The decision is a part of efforts to secure a new growth engine, the company said, citing the last-mile logistics technology Mesh Korea has developed.
Hyundai plans to apply its autonomous and connected car technologies to Mesh Korea’s delivery vehicles, with an aim to develop unmanned delivery services in the future. Last-mile technology refers to a logistics system that searches for the fastest way to deliver products in the final step of the delivery process, typically from a distribution center to the end user. Hyundai Motor Group’s logistics arm Glovis will also participate in smart logistics solution development with Mesh Korea, the company added.
Established in 2013, Mesh Korea provides an algorithm-based last-mile delivery service. The algorithm named Vroong Engine is designed for high logistics efficiency for clients by applying mathematics to the cost and risks of delivery services. It has more than 13,000 motorcycle drivers for the delivery service, targeting the growing mobile commerce market.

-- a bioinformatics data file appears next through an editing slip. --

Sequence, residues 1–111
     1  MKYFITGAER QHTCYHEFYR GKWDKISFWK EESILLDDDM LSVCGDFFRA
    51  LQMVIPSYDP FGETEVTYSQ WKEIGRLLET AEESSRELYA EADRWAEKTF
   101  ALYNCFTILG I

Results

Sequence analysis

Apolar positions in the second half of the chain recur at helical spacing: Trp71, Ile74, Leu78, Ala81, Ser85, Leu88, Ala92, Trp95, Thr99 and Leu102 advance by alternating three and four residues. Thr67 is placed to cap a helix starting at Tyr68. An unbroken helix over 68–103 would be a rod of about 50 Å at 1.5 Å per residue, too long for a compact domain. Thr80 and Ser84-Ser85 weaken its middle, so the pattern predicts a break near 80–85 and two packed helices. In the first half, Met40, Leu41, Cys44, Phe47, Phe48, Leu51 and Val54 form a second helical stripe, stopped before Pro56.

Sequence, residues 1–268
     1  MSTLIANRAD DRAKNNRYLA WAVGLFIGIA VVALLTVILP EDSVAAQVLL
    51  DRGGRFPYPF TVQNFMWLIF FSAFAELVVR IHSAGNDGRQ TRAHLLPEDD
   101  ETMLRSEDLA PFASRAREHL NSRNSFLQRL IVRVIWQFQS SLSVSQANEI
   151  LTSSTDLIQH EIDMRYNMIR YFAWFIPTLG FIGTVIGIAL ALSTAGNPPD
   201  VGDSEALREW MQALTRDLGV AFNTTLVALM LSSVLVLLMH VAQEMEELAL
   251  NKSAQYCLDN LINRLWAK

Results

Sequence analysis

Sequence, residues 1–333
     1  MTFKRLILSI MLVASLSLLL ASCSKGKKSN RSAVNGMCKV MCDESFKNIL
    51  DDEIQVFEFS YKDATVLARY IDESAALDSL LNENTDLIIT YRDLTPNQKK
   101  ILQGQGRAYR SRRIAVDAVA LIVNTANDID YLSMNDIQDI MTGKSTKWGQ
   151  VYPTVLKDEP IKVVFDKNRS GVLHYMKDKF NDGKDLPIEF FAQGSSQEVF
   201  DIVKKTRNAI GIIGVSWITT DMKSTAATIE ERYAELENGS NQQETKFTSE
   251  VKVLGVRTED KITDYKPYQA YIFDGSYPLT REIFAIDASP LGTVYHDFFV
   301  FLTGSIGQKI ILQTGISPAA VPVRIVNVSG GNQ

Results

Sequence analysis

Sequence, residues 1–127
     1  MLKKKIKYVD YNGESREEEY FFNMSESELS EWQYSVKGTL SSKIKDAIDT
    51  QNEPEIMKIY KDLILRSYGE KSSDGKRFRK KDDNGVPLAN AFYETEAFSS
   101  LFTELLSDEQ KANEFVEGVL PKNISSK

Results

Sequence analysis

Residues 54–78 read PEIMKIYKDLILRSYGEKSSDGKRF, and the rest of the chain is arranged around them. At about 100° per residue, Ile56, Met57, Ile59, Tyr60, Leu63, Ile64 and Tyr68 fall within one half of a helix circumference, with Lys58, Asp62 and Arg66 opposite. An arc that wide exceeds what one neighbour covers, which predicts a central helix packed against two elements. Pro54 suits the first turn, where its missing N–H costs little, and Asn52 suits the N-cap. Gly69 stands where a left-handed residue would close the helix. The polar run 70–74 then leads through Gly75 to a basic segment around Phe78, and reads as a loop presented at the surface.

Separately, the Korean carmaker has invested in a Chinese last-mile logistics startup, Inmotor. The size of the investment was not disclosed. Inmotor is a sharing platform of batteries used for delivery vehicles. The startup’s role is to maximize efficiency by analyzing data in real time, such as deliverymen’s anticipated driving routes, battery capacity and availability of charging stations nearby.
Batteries function as a network to inform drivers of the nearest location of charging stations via smartphones. The Chinese company has around 500 battery charging stations in 16 major cities. The service is provided on a regular payment basis, the company said.
The investment came amid the growing food delivery market here. Last-mile logistics in Korea is expected to grow from 15 trillion won this year to 20 trillion won next year.
By Cho Chung-un (firstname.lastname@example.org)